Usually that works fine. But if there is some random data somewhere outside of referenced areas the reader function may fail, returning DW_DLV_ERROR. Such an error is neither a compiler bug nor a libdwarf bug.

Special Frame Registers

In dealing with .debug_frame or .eh_frame there are a few related values that must be set unless one has relatively few registers in the target ABI (anything under 188 registers, see dwarf.h DW_FRAME_LAST_REG_NUM for this default).

The requirements stem from the design of the section. See the DWARF5 Standard for details.

Keep in mind that register values correspond to columns in the theoretical fully complete table of a row per pc and a column per register.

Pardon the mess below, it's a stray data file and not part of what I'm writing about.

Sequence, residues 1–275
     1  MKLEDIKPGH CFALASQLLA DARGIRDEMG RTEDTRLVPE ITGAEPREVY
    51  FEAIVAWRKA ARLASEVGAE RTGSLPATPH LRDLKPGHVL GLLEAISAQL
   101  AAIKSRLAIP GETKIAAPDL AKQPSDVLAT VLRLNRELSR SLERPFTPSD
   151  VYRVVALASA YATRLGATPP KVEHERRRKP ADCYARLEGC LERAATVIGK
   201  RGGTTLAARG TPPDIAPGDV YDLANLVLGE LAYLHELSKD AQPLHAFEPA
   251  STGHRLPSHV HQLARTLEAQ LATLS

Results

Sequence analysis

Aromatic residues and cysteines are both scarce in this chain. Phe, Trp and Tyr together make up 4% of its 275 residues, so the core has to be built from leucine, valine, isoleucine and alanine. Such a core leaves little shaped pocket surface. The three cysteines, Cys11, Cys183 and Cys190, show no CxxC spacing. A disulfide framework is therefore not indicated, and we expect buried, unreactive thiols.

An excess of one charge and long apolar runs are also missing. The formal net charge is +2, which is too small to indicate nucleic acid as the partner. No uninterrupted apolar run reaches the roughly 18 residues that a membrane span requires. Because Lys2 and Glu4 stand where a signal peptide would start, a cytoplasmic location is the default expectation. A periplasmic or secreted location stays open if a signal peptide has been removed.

There is no time or space penalty in setting Undefined_Value, Same_Value, and CFA_Column much larger than the Table_Size.

Here are the five values.

Table_Size: This sets the number of columns in the theoretical table. It starts at DW_FRAME_LAST_REG_NUM which defaults to 188. This is the only value you might need to change, given the defaults of the others are set reasonably large by default.

Undefined_Value: A register number that means the register value is undefined. For example due to a call clobbering the register. DW_FRAME_UNDEFINED_VAL defaults to 12288. There no such column in the table.

Same_Value: A register number that means the register value is the same as the value at the call. Nothing can have clobbered it. DW_FRAME_SAME_VAL defaults to 12289. There no such column in the table.

Initial_Value: The value must be either DW_FRAME_UNDEFINED_VAL or DW_FRAME_SAME_VAL to represent how most registers are to be thought of at a function call. This is a property of the ABI and instruction set. Specific frame instructions in the CIE or FDE will override this for registers not matching this value.